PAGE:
There are three big reasons why Howard Schultz’s self-proclaimed candidacy is troubling:
1. He could be a spoiler in 2020, splitting the vote and putting Trump back in the White House. Even Bill Burton, a former Obama adviser who has joined the Schultz team, publicly warned against third-party voting in 2016.
2. His message is without substance (he uses empty catchphrases like “silent majority” and “common sense solutions”) and his policy proposals are zilch. When asked by John Dickerson on CBS This Morning what his “big idea” was, Schultz declared: “The big idea is very simple: to unite the country. For us to come together. To do everything we can to realize that the promise of America is for everyone.” To the extent Schultz has defined his candidacy, it’s focused on what he’s against—for example, Democratic proposals to raise taxes and provide Medicare for All.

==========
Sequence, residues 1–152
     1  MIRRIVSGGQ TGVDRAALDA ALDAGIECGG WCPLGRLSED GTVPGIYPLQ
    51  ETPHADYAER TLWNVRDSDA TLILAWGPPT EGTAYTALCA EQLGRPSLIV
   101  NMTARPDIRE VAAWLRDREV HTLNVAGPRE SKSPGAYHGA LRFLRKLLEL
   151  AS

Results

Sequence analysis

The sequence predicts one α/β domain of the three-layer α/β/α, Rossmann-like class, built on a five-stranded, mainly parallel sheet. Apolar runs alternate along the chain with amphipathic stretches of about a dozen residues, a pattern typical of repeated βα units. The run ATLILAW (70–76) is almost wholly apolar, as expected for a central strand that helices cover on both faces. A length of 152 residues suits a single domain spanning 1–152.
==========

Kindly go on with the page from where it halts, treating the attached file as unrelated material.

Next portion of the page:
3. He represents the very worst aspect of America’s new billionaire class in politics: He simply anoints himself as a presidential candidate, declares he’s running as an independent so doesn’t have to put himself and his ideas through any party primary contest, and can spend an unlimited amount of his own money marketing himself and his candidacy. American democracy wasn’t built for this.
At this point, there’s not much we can do except tell every pollster we hear from that Howard Schultz should go back to selling coffee.